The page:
The plot in Fig. 3 represents the worst case scenario; for 1.2 or

(14) 1.5 oversampled data, the peaks are noticeably smaller both in

intensity and spatial extent.

Note that the frequency of this cosine is half that used in

the ordinary Nyquist sampled SVA algorithm, and there is no

pedestal offset. The impulse responses for the two extreme V. RESULTS

apertures are plotted in Fig. 2. The sidelobes no longer beat 180 We have tested the noninteger Nyquist SVA algorithm by

out of phase, and there exist regions where the sidelobes from resampling images at various sampling rates from 1.02.0

every possible aperture weighting have the same sign. In these Nyquist. The resampling was done by changing the amount of

regions, SVA will not completely eliminate the sidelobes, and zero pad in the frequency domain. The differences in image

some residual sidelobes will be manifest in the output. Sidelobe quality between the SVA outputs at the 1.0, 1.2, and 1.5

artifacts in the output imagery will come from these residual sampling rates was negligible in the images tested. We present

sidelobes in the impulse response function, as well as any arti- the results from one image in Figs. 46. Fig. 4 is an image of

facts that appear as manifestations of the nonlinear nature of the the University of Michigan Stadium collected and processed

algorithm. using the ERIM Data Collection System. In Fig. 4, the image

The impulse response from the noninteger Nyquist SVA al- is sampled at 1.5 Nyquist, and no frequency domain weighting

gorithm is plotted in Fig. 3. In real SAR data, these peaks will has been applied. Strong sidelobes can be seen ringing from

manifest themselves as low-intensity isolated spots. The total several bright scatterers on and around the stadium.

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SMITH: GENERALIZATION OF SPATIALLY VARIANT APODIZATION 1093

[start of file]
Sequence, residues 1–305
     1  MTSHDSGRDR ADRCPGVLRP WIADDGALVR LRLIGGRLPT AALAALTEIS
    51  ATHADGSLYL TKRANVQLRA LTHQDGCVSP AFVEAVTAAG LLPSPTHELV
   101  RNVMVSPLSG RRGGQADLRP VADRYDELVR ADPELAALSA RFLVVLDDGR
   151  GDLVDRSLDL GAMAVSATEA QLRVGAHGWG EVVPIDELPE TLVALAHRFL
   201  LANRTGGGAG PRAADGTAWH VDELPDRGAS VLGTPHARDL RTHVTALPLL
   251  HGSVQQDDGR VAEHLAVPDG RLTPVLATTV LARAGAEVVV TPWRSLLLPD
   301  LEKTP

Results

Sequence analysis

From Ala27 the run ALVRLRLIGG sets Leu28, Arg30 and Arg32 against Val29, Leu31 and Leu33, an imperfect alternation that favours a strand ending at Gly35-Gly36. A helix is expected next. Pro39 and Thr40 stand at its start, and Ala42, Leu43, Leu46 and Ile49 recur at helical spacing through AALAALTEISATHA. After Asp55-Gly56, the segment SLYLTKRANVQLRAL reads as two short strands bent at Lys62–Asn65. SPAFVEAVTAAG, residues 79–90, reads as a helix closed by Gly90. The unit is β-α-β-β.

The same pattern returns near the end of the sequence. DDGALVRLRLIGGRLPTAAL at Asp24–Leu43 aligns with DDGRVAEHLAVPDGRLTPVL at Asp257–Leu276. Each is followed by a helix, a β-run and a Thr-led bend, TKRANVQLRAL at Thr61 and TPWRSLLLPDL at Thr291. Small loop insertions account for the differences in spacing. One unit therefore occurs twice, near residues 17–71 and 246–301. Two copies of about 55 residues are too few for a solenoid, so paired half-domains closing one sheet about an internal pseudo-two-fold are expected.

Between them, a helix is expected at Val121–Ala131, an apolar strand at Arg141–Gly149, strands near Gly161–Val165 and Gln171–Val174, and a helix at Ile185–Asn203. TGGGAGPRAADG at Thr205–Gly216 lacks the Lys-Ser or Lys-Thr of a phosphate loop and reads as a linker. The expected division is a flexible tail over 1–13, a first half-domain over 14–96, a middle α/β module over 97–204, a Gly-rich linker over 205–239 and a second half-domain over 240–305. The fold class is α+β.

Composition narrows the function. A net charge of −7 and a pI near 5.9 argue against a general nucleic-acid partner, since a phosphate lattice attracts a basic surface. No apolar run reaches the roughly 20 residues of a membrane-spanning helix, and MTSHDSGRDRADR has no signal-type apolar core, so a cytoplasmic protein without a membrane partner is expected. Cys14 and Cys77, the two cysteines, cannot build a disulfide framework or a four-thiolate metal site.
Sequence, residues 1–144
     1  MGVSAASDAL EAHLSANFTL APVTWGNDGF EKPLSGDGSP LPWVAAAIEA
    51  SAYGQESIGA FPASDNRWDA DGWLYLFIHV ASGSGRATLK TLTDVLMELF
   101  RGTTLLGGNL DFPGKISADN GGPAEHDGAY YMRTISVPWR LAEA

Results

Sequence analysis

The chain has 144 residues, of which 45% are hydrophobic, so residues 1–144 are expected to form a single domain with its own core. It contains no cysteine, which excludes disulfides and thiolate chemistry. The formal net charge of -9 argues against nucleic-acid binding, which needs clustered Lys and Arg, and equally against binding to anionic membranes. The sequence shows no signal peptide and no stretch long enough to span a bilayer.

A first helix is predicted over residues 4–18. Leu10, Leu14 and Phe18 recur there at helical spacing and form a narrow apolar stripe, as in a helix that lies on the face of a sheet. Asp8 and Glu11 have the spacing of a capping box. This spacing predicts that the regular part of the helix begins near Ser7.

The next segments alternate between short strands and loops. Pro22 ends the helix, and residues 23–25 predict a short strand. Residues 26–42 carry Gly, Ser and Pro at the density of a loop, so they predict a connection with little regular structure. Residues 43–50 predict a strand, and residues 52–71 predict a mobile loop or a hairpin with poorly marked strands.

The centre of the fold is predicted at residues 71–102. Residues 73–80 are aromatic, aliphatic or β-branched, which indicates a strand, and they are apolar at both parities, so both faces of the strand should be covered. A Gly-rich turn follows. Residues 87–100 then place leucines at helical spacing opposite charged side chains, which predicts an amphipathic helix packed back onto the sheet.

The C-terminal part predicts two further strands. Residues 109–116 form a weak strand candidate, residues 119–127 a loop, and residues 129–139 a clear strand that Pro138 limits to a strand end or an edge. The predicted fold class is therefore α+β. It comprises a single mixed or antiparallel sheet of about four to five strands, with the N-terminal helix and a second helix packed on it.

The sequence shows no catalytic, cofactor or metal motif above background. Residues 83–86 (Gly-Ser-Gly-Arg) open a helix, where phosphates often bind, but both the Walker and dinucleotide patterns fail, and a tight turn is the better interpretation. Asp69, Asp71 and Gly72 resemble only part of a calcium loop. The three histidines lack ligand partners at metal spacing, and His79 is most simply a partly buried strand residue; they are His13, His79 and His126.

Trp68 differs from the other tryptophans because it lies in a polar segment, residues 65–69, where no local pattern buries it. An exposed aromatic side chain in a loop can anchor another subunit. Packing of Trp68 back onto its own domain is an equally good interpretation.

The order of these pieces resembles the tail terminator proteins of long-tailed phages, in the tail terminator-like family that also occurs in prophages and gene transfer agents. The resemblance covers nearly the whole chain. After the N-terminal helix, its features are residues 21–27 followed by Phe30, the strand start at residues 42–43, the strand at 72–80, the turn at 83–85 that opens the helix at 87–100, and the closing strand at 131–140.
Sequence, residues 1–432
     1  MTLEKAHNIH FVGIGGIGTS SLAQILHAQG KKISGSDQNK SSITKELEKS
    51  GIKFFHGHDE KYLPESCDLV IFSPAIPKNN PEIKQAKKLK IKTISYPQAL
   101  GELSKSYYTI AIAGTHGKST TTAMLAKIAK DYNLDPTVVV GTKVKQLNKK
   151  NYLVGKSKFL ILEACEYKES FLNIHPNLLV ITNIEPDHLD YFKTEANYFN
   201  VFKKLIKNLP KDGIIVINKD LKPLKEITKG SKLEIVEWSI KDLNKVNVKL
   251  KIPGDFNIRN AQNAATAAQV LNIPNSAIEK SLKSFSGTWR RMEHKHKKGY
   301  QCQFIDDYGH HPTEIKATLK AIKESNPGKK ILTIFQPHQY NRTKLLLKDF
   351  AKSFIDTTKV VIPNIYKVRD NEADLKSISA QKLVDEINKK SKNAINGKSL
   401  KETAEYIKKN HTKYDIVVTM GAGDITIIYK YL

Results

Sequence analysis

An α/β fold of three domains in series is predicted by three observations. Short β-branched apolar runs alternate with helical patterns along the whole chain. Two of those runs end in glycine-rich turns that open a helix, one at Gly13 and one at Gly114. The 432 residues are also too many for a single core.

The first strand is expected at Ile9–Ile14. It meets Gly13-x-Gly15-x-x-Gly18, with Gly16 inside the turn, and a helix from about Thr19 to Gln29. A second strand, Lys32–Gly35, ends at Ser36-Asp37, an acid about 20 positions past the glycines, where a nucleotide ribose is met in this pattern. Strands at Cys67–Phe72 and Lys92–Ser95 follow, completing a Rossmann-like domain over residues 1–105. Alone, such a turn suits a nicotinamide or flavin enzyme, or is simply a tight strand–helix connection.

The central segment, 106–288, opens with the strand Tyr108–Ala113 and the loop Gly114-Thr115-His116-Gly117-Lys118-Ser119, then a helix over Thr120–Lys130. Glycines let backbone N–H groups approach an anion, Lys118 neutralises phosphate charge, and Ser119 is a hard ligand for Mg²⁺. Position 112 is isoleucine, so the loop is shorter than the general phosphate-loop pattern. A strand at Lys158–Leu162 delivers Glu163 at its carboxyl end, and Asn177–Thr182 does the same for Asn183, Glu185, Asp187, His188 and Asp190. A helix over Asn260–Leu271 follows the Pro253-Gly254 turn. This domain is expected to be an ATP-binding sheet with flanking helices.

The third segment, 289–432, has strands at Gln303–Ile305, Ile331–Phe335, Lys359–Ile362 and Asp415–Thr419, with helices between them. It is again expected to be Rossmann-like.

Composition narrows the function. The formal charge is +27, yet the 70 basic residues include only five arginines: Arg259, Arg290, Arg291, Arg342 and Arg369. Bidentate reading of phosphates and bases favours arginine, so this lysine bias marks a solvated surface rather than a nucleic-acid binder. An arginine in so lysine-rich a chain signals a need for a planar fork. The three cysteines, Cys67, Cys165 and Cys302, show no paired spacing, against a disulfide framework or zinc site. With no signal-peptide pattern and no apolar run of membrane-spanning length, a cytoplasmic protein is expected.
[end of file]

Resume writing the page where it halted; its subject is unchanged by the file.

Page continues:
In Fig. 5, the noninteger Nyquist SVA algorithm has been ap- REFERENCES

plied to the same image. The algorithm has been applied individ- [1] H. C. Stankwitz, R. J. Dallaire, and J. R. Fienup, Non-linear apodization

ually to the I and Q channels. For comparison, Fig. 6 shows the for sidelobe control in SAR imagery, IEEE Trans. Aerosp. Electron.

Syst.,, vol. 31, Jan. 1995.

same image sampled at twice Nyquist after SVA has been run. [2] H. C. Stankwitz and M. R. Kosek, Super-resolution for SAR/ISAR RCS

The image quality is comparable, although the residual side- measurement using spatially variant apodization, in Proc. AMTA Symp.,

lobes from the scatterers to the right of the stadium are slightly Williamsburg, VA, Nov. 1995.

larger in the 1.5 Nyquist image. The clutter in the 1.5 has a [3] , Sparse aperture fill for SAR using super-SVA, in Proc. IEEE

Nat. Radar Conf., Ann Arbor, MI, May 1996.

slightly more natural appearance than the 2.0 Nyquist image. [4] J. Capon, High-resolution frequency-wavenumber spectrum analysis,

At the higher sample rate, the speckle patterns are beginning to Proc. IEEE, vol. 57, Aug. 1969.

look more correlated, giving the image a slightly lumpy appear- [5] J. A. C. Lee and D. C. Munson, Jr., Effectiveness of spatially-variant

apodization, in Proc. IEEE Int. Conf. Image Processing, Washington,

ance. DC, Oct. 1995.

[6] S. R. DeGraaf, Sidelobe reduction via adaptive FIR filtering in SAR

imagery, IEEE Trans. Image Processing, vol. 3, May 1994.

VI. CONCLUSIONS

We have developed a version of SVA suitable for use on non-

integer Nyquist sample data. The computational efficiency is

comparable to the integer Nyquist version (although there are Brian Hendee Smith received the Ph.D. degree in

speed and memory improvements that can be made by being theoretical physics from the University of Minnesota,

Minneapolis, in 1994.

able to use a smaller dataset). The image quality is as high as He performed postdoctoral work in the area of

that of SVA, although the impulse response has some low power elementary particle physics at the University of

residual sidelobes. The noninteger Nyquist version of SVA can Pittsburgh, Pittsburgh, PA, and the University of

Toronto, Toronto, Ont., Canada. Recent projects have

be applied to application where speed/memory requirements are included development of wideband SAR processing

important, and it can also be used as a component in SVA based algorithms, image enhancement techniques, and

super resolution algorithms. high-performance algorithm implementations.